5. Lincoln Icebreaker adding (unnecessary) second day

In what I’d consider one of the most disappointing 2023 announcements to date, Lincoln Speedway in Pennsylvania has announced that its annual Icebreaker sprint car race is being expanded into a two-day event.

I will concede that the likelihood of the Icebreaker actually being contested as a two-day event is low to begin with, as February weather in Pennsylvania is always cold and often unpredictable. Even the one-day Icebreaker format was vulnerable to weather conditions. 

But this really feels like overkill for an event that for decades has thrived as a quick, clean opener for 410 sprint car racing in Posse country. Last year’s race was a one-class program that ran and finished before the sunset, giving race fans an easy trip to and from the track while enduring as little winter weather as necessary to see a worthwhile race. Check out the responses to the tweet above for some more humorous takes on this story.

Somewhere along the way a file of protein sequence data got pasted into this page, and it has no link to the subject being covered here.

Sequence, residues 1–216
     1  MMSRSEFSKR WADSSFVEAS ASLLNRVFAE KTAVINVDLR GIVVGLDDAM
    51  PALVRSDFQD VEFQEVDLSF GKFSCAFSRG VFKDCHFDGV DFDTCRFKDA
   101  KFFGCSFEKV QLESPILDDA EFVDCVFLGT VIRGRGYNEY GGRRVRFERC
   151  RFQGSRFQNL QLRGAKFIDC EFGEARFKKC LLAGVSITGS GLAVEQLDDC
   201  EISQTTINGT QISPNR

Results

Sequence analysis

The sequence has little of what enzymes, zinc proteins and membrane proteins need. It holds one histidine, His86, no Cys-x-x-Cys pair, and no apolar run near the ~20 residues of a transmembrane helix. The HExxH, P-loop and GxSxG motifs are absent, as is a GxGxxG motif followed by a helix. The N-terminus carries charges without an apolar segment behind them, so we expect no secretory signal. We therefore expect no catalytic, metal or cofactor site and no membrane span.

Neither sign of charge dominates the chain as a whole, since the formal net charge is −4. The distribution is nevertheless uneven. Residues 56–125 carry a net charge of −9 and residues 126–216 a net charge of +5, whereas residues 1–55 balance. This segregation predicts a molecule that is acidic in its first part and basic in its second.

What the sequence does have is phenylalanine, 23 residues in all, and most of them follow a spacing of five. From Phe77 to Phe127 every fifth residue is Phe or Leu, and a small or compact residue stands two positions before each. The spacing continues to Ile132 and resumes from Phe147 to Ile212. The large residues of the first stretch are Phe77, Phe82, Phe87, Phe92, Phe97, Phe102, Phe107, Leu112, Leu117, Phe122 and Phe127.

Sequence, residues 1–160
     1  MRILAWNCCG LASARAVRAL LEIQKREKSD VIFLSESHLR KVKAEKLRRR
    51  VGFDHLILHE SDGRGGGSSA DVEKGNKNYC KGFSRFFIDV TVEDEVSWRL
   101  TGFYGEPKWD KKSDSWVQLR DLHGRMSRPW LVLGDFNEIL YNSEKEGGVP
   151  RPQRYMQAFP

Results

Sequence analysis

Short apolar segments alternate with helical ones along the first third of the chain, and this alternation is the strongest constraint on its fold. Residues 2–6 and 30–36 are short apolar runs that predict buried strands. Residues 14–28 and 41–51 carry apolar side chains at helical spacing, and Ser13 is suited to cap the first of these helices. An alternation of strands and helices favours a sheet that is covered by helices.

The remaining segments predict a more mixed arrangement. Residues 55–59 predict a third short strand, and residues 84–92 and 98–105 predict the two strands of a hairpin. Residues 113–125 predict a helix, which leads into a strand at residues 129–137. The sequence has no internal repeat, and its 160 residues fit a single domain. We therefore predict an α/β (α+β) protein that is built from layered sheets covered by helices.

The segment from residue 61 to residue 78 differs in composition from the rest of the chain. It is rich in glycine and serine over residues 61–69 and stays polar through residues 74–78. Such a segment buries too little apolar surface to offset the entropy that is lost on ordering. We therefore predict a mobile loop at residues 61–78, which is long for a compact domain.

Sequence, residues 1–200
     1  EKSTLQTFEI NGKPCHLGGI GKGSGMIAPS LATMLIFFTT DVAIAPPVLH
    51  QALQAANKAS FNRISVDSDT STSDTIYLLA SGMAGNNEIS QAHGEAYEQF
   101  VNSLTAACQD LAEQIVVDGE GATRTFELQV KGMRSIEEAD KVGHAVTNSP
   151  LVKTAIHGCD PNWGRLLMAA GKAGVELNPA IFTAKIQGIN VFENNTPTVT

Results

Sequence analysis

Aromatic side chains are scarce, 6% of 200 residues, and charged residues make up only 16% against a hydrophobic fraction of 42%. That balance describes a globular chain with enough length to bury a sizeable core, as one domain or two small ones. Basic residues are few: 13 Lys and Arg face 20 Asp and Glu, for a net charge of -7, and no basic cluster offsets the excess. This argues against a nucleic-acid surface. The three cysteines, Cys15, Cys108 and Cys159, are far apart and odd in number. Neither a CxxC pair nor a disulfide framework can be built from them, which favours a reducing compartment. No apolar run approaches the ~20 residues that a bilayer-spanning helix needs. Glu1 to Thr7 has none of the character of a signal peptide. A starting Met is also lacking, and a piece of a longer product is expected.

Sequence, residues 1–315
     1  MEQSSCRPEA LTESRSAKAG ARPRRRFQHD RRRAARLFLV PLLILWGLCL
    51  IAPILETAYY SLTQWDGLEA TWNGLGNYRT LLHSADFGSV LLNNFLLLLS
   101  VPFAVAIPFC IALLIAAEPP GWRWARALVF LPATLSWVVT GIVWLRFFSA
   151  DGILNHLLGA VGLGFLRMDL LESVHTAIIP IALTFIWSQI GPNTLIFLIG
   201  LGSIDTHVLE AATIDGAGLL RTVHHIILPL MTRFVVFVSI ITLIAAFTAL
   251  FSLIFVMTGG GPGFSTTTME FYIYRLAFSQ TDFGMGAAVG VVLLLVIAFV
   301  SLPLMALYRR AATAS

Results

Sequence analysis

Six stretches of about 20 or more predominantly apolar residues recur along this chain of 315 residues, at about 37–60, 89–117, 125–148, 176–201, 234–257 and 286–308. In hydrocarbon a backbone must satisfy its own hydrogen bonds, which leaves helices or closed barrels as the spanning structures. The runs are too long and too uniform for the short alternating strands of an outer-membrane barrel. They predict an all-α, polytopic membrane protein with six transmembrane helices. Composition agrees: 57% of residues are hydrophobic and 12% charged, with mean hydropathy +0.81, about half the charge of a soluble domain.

Feels a lot like a money grab. Sometimes less is more. Though this race is only two hours from home …

6. What is a moving picture worth?

A picture’s worth 1,000 words, or so they say. So what’s a moving picture worth that perfectly encapsulates both a caption (the caption was on a private account centered on FWD racing, but read “And we wonder why we get shuffled to the last race on the program…”) and a known truth at most dirt tracks across the country?

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Mike Kalasnik

Dirt racing in the cold usually doesnt lend to good 2 wide passing/racing. The icebreaker is usually just that. A lot of sprint cars going fast, but not much action. I usually avoid going to Lincoln until it warms up.